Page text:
On September 20, 2017, hurricane Maria hit Puerto Rico. The storm caused widespread damage and it is estimated more than 4,600 people on the island died as a result from the catastrophe. In the pursing months, the United States struggled to respond to its territory, leaving the island without power and supplies for months.
On April 15, 2018, I landed in San Juan, Puerto Rico, not quite knowing what to expect.
I traveled with Angel, who was born in Puerto Rico, and my good friend Brett. Angel’s family graciously took us into their homes. They cooked for us. Drove us around. And explained the impact the hurricane had on them and their towns.
On the first full day, we dove into exploring Old San Juan. Our first stop was to the World Heritage Site of Forts El Morro and San Cristóbal, a breathtaking fortitude that has stood for centuries. You could easily spend an entire day exploring this complex. As the heat began to build, we traversed the narrow and colorful streets of San Juan. The city is rich in architecture and San Juan is much larger than I had anticipated. Ahead of us, a man was walking down the street. A prostitute was engaging with him. She insisted it was “better than rice and beans.” The man must have agreed and took off with her. From then on, her catch phrase became the name of the trip!
That evening, we met up with Angel’s cousins and friends from the states to catch The Cleveland Indians play baseball in San Juan. It was a fun and beautiful experience with a packed stadium and the crowd, genuinely happy to be catching a MLB game.
The next couple of days were spent in Angel’s hometown of Yauco. This city is on the southern side of the island and you could definitely see the affects of Maria. Broad areas of trees wiped out, damaged homes, twisted public structures and ongoing power issues. We lost power for one day. To them, it was routine. For me, it was eye opening. It gave me time to think about my fortune as I washed laundry by hand with a flashlight.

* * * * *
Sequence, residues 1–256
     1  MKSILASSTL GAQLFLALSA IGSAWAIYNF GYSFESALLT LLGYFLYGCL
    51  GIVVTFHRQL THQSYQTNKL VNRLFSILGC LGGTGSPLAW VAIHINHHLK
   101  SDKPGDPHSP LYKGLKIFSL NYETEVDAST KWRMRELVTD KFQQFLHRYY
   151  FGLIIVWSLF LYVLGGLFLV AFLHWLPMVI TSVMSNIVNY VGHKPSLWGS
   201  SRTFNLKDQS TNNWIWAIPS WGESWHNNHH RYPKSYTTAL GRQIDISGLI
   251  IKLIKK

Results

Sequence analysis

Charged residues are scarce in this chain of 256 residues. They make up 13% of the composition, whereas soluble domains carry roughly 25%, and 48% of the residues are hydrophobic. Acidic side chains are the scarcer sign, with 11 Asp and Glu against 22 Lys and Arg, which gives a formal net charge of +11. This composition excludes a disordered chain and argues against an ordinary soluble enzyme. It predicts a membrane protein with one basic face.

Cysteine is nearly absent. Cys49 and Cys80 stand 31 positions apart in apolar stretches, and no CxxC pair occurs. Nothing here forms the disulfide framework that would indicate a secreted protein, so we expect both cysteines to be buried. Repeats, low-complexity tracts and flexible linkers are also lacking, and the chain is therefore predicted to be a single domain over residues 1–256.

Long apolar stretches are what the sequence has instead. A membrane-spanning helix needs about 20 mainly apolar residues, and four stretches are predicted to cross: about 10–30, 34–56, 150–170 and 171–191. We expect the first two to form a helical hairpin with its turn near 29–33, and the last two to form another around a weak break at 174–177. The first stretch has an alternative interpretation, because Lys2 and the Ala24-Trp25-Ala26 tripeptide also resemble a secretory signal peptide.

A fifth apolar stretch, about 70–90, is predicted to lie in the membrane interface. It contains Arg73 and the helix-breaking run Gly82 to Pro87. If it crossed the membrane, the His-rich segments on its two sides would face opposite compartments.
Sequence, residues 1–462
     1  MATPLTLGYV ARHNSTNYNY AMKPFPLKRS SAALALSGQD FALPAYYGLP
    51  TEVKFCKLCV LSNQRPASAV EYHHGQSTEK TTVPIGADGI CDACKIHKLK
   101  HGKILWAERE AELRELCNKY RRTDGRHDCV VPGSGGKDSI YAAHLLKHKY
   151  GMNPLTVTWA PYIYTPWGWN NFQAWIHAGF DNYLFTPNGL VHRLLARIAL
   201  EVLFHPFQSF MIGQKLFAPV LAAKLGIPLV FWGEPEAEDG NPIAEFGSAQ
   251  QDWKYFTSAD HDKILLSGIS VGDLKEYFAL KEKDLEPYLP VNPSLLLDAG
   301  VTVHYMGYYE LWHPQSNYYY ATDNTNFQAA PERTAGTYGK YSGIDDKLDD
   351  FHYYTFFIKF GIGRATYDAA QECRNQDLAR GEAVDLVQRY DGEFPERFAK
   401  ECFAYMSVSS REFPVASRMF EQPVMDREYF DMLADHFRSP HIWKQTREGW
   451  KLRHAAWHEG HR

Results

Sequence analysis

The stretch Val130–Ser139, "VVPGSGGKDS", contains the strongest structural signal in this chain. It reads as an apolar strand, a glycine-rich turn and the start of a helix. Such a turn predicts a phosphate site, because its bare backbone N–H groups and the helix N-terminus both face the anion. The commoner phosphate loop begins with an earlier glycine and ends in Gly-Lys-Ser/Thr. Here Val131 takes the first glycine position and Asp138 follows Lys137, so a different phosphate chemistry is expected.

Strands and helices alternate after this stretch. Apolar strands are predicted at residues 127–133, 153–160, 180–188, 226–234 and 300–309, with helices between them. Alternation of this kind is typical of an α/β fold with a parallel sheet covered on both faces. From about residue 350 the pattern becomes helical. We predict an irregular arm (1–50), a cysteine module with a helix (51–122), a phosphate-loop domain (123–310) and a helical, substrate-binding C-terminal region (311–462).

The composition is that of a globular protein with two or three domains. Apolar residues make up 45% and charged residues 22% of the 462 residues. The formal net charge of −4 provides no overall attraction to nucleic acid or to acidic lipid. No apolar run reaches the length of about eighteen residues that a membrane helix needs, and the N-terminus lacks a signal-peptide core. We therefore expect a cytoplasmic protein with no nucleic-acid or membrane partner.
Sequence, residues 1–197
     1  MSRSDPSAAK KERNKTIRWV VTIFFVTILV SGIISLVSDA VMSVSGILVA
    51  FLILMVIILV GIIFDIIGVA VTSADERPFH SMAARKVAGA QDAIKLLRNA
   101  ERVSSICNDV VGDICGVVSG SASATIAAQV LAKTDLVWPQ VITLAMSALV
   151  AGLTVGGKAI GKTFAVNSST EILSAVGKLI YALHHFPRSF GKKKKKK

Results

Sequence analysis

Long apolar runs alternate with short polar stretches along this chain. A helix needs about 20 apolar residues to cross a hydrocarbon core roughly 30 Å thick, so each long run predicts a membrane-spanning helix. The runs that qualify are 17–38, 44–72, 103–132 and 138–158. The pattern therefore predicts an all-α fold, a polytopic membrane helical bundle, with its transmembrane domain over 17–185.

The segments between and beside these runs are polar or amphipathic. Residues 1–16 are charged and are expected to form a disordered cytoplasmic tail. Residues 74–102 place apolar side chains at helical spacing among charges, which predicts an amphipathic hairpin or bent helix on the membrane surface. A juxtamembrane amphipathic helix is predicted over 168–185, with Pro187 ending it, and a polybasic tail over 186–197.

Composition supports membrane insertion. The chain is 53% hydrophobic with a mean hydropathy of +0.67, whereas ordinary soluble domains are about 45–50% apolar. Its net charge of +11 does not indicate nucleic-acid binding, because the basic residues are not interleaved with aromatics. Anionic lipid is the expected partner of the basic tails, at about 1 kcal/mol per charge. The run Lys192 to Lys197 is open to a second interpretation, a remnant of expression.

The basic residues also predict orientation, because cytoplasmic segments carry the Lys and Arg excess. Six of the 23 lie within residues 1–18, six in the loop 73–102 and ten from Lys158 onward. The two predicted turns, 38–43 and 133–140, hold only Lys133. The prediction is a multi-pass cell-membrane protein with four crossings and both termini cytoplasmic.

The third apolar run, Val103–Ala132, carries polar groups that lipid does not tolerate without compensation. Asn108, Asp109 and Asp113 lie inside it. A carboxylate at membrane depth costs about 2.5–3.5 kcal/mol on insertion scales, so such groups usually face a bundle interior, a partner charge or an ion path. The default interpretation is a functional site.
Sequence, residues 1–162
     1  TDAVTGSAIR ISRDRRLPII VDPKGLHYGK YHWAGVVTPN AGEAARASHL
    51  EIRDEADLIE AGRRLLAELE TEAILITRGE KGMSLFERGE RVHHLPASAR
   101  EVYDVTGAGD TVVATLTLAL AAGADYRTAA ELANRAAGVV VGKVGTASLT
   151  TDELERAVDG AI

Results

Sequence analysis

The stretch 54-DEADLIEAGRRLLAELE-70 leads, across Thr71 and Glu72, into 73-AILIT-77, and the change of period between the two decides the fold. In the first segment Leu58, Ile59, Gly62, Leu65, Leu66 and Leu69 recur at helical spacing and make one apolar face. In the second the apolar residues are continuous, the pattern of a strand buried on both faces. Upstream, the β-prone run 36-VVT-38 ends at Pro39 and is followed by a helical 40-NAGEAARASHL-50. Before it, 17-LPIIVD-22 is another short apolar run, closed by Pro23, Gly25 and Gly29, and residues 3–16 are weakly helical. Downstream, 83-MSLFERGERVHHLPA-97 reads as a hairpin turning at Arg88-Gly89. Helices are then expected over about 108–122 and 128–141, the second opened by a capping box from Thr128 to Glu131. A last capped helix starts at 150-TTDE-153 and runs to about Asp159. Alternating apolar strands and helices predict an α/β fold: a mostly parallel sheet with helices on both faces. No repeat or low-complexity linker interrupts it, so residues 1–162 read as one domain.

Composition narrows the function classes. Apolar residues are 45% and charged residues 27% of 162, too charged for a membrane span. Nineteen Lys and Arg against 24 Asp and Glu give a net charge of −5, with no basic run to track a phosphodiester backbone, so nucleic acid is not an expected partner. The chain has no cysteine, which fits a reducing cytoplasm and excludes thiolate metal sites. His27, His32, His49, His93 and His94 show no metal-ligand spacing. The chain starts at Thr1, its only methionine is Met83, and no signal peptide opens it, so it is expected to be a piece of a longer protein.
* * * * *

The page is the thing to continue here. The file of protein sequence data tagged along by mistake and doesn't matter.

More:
Yauco was a chance to experience Puerto Rico outside of the tourism of San Juan. I was able to immerse in every day life. We spent a good amount of time exploring the damaged areas of the city and the neighborhood in which Angel grew up. Life in Puerto Rico is simple. No one boasts of a lot of money, but everyone is warm and welcoming. They were willing to share all they had with two white boys from the mainland. This was humbling and embarrassing. For I could see firsthand how the U.S. Government basically turned the other way.
Puerto Rico is all about family, and Angel’s family was a blessing from God. It challenged my grasp of the Spanish language, but I tried my best to communicate and learn. His aunts, uncle, cousins, and countless others made sure we found our way safely around the island to countless beaches, restaurants, and points of interest. They fed and housed us. And even got us some Puerto Rican moonshine—pitorro. Oh, and they kept the car well stocked too. In Puerto Rico, you can have open adult beverages as you drive around. His family taught me about the island, the damage from the hurricane, and even taught me the Salsa on the streets of San Juan.
Puerto Rico is an island with troubles. A depressed economy further rocked by a devastating hurricane. I wonder how, and if, the island would ever rebound. But one thing is for sure: The spirit of the people has not changed. The island is warm, loud, celebratory, and welcoming. They embrace family, They embrace life. And they move on. Something I took to heart coming back to Cleveland.
Suggestions, Tips, and Wish List
- Carve out a full day to explore Old San Juan. You can easily traverse by foot.
- Rent a car and GPS for the trip. You can make day trips out to Ponce, Yauco, or other points of interest.
- Have some Medalla! Puerto Rican beer. Perfect to cool down after a few hours of exploring.
- Definitely check out the Bacardi facility in San Juan. Great outdoor bar and lounge space. I could have easily spent a couple hours just relaxing there.
- They drive with speed and a purpose. Keep your eyes and ears alert when driving.
- Highly recommend El Sabor De Reina at Plaza del Mercado de Santure for dinner in San Juan.
- Grab an authentic Puerto Rican breakfast sandwich at La Barriada Bakery in Yauco.
- And if you’re looking for somewhere to drink and dance explore the strip around El Rancho Original.